Issues identified: There needs to be more at stake. Tyl's mistreatment needs to be front-loaded so that the impetus for them leaving is more apparent to the reader, something bad enough to drive them into the unknown. Perhaps expanding the scene in the kitchen to show Myl being slapped or pinched surreptitiously, and include the information that Midame overlooks or even encourages that sort of treatment. Also possibly plant here the idea that it's considered unwise to cross Midame, even the hint of witch-fear. Cory suggested that the three springs might be reduced to two, that keeping the story moving might be more useful than keeping to the fairy-tale pattern of threes (which led to a short discussion of triunes and the pleasure of pattern-finding between him and Patrick). Greg felt the witch/deer aspect wasn't laid enough beforehand, which might be helped too by the expansion of the scene in the kitchen. Funny that in OWW that scene was suggested for expansion, and that I did it, but didn't follow why--it needs to show more of the inner life of the house and thus of its mistress. About half the readers felt the dialogue needed to be more differentiated from the narrative, which almost seems like an invitation to raise the archaism of the dialogue--but probably isn't. Nobody had problems with the style, which flat-out astonished me, after OWW (which has run about 50/50 people having trouble with the style and vocab). In fact, it seemed to be the strongest point for everyone, that the style was poetic, and evocative, and lyrical and stuff. Nobody said purple or overwritten or too writerly, which is my great fear. PNH said he wanted to disagree with the poetic etc. and say that it was a good clear style and a grim style, to go with the fairytale grimness, and I shouldn't try to be pastoral and lyrical at the expense of the grimness. He said it read not as if I was drawing from Tolkein but as if I was drinking from the well that Tolkein drank from and that the Brothers Grimm drank from. He said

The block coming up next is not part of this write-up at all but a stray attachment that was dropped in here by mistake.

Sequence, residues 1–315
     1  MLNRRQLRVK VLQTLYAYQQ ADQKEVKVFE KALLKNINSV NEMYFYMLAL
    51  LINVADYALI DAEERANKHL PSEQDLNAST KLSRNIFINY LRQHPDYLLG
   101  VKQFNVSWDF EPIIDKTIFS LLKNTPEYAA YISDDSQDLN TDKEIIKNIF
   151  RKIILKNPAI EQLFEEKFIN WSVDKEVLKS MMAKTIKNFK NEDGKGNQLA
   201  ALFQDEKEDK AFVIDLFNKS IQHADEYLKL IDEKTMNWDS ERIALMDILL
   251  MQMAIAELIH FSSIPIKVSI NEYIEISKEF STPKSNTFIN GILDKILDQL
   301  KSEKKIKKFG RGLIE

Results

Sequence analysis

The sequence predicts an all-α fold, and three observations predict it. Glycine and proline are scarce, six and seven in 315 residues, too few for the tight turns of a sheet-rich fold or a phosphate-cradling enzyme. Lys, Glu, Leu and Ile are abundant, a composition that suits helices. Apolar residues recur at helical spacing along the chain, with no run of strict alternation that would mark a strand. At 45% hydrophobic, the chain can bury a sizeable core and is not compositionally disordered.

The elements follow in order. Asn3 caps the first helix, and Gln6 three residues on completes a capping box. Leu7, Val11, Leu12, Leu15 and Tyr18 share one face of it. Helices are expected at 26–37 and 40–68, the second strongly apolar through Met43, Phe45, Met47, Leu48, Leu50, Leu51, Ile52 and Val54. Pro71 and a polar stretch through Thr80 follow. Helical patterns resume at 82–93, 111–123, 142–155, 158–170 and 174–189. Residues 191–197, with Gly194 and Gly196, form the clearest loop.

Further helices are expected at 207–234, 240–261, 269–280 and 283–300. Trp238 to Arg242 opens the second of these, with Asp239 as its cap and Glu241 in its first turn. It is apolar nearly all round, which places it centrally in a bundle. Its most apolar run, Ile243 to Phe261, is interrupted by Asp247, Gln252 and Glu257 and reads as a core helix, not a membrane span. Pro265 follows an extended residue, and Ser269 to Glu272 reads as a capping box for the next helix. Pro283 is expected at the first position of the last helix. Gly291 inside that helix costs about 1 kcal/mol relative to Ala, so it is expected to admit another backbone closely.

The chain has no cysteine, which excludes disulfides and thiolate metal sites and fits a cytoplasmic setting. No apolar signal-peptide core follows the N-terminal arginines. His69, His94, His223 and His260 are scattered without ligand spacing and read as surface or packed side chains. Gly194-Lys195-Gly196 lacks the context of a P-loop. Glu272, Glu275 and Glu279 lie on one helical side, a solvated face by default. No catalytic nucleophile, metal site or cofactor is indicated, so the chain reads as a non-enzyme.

(I pause for emphasis)
that it was the sort of story he wanted to see. Got that? PNH wants to see my story.
I better finish it. No more messing around with the short stories until the Willow Knot is finished. I didn't get a marked copy back from Patrick (as far as I can tell) but Cory marked his copy mostly with check-marks of spots he thought were good.
Lectures were Debra Doyle and TNH, and I list them together because they were playing tag-team to an extent. DD said she sometimes spoke on 'sentences that go clunk' but we were pretty good that way, so instead it was Style and Story. TNH spoke on Exposition. I made a lot of notes. Random quotes:
Style is what you can't help doing. Strange events should be set in straightforward prose. The Law of Conservation of Wierdness. The main action should be in the main verbs, not in subordinate clauses: Shooting him in the head, I turned and opened the fridge. Words have a budget; some can be used once in a lifetime (formication, phantasmagoria), while others once per book, once per short story. Words have buried history in them, and buried technology. SF/F must worldbuild while telling the story--the Ginger Rogers of fiction. Stephen King's 'the gotta' is a trance state while reading, to achieve it, don't slow the reader down with decoding (adjectives and exposition). A word is the negative space of all the words it doesn't mean. A novel is a transactional space; the reader wants to trust you. Get the economics right--things have price and weight, goods must be paid for and shipped, characters must have jobs.
Lunch break (peanut-butter sandwich, muffins)
Evelyn pleased with her crit session, and some great quotes from the instructors (woo!). From the sounds of it, Evelyn has done the most original world-building of anyone in the workshop. I'm so pleased for her. Hope Mur's session goes well tomorrow.